Friday, October 30, 2009

Cross Words Over Crosswords

[This article originally posted to http://thewritejob.blogspot.com/2009/09/cross-words-over-crosswords.html on September 30, 2009]
I'm a casual crossword-puzzle doer. I work on the LA Times one that my newspaper carries on Sundays, the one in the weekly Onion, and the monthly National Geographic's. I'm not a fanatic over solving entire puzzles. I'm somewhat proud if I complete somewhere between 80% and 100%, but don't fret too much if I'm able to complete only 10 words. High and total completions don't occur often.

In working crossword puzzles, I don't do web lookups, I don't use a thesaurus, and only occasionally look in a dictionary. As another indication of my casual methodology, I use a pen. Oh, sure, I letter in answers that turn out incorrect, then do a somewhat messy job of striking out the wrong stuff. At least I've learned to be a bit conservative and initially skip over words I think I might be wrong about, returning later.

Crossword puzzles seem to have evolved from the ones I used to encounter way back. Or maybe it's because I'm not seeing the types I used to work on. No longer do I see the following kinds of clue helpers:
  • Two words
  • [foreign language]
  • Abbreviation
  • Plural
Puzzles these days seem to assume some exposure or schooling in very elementary Spanish and French, life experiences spanning back to the 70s, and/or convenient researching via dictionary, thesaurus, Internet, .... I've seen a couple of common clues and/or answers appear in several puzzles. Puzzle makers seem to love ENOLA (as in Enola Gay) and any part of COUER D'ALENE. (Even though I studied some French in the past, I always have a tough time spelling the not-heart part of the term without looking it up.)

Anyway, one puzzle had some clues that I considered irritatingly inadequate; it was an LA Times one (August 30, 2009), themed Organ Transplant. (OK! I'm sure I couldn't create nice-looking, diagonal-axis symmetrical puzzles like those elegant ones I pen in. I'm aware that there are software puzzle creators that make the tasks easier for human creators. I just don't take puzzle solving seriously enough to want to dive in to create any.)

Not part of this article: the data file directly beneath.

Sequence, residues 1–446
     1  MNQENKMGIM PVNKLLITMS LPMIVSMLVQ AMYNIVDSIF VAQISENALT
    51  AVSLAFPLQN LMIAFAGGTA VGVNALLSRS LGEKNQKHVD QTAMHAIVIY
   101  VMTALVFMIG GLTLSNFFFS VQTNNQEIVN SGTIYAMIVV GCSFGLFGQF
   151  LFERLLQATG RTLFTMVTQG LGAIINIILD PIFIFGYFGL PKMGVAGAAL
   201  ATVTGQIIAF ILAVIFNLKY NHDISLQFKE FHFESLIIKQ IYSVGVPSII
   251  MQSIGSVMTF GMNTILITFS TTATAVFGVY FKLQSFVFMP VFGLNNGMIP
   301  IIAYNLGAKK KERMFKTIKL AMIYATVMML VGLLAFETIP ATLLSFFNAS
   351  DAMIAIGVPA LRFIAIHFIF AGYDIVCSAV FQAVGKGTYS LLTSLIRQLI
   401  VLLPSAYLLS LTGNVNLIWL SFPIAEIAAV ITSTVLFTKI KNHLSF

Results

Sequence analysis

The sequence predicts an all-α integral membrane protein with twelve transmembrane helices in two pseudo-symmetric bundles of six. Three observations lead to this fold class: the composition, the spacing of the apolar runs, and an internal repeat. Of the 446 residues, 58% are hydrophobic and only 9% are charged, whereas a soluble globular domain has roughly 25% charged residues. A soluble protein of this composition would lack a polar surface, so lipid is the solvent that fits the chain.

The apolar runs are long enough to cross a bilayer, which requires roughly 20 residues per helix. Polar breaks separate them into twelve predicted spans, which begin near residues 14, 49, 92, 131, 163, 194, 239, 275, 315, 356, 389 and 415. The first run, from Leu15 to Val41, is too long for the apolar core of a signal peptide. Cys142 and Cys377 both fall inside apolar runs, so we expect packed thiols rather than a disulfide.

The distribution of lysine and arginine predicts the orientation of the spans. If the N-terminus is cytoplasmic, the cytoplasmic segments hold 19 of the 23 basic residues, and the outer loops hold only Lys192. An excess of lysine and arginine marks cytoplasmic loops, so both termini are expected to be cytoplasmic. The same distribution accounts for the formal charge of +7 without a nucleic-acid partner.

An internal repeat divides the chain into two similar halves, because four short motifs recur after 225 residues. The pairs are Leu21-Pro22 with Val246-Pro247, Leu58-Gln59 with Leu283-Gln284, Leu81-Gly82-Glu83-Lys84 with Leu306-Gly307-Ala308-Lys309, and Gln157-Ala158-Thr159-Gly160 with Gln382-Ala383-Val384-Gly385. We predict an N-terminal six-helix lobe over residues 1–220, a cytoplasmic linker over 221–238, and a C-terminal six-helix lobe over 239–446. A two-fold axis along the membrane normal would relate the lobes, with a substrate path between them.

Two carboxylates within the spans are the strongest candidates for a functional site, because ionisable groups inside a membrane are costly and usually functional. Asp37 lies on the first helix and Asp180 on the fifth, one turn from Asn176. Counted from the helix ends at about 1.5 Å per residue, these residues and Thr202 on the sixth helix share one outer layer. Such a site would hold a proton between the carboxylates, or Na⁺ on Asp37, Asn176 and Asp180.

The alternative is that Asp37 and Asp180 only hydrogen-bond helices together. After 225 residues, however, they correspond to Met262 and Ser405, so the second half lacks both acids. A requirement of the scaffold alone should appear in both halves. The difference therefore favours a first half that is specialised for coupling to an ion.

The following list shows the position, the answer, the official clue, and my opinion on a better clue. (Yes, I finally reached the close-in-look part of this blog item!)
  • 41A, answer: TATTOO
    Clue: Body language
    Better clue, IMO: Inked body expression

  • 62A, answer: PLUS
    Clue: Furthermore
    Better clue, IMO: +

  • 87A, answer: ENDORSE
    Clue: Back
    Better clue, IMO: Recommend

  • 31D, answer: TOO
    Clue: Overly
    Better clue, IMO: Also

  • 37D, answer: ATON
    Clue: Hardly
    Better clue, IMO: 2000 pounds

  • 49D, answer: ANTS
    Clue: Farm workers
    Better clue, IMO: Picnic "guests"

  • 56D, answer: SIDEB
    Clue: Cassette half
    Better clue, IMO: Single's second-choice song

  • 91D, answer: DARTS
    Clue: Dashes
    Better clue, IMO: Pub target game

  • 96D, answer: GLASS
    Clue: Calm water metaphor
    Better clue, IMO: Window material

  • 102D, answer: JIM
    Clue: Dandy dude?
    Better clue, IMO: Diamond or Slim
In case any reader now feels like working on an LA Times crossword puzzle, visit http://games.latimes.com/index_crossword.html?uc_feature_code=tmcal.

1 comment:

Pat Jackson said...

I used to do the crosswords in the Galveston Daily News all the time. I get the Statesman now from a friend who does the crossword puzzle every day except Sunday. That one is too hard for me to do in the limited free time I've got.

I know what you mean about better clues, but the purpose of a crossword puzzle, as done these days, is to be clever about the clue. That is, the person creating the puzzle feels that everyone doing it appreciates the clue not being straightforward, but requiring further thought.

Several crossword-puzzle magazines, found on magazine racks in various stores and bookstores, are aimed to those who don't appreciate the clever aspects.

A friend gave me two such magazines for Sudoku puzzles. Late at night, when I want to work on such a puzzle but am too sleepy to do the usual ones in the newspaper, I work on one of the magazine puzzles for a few minutes.

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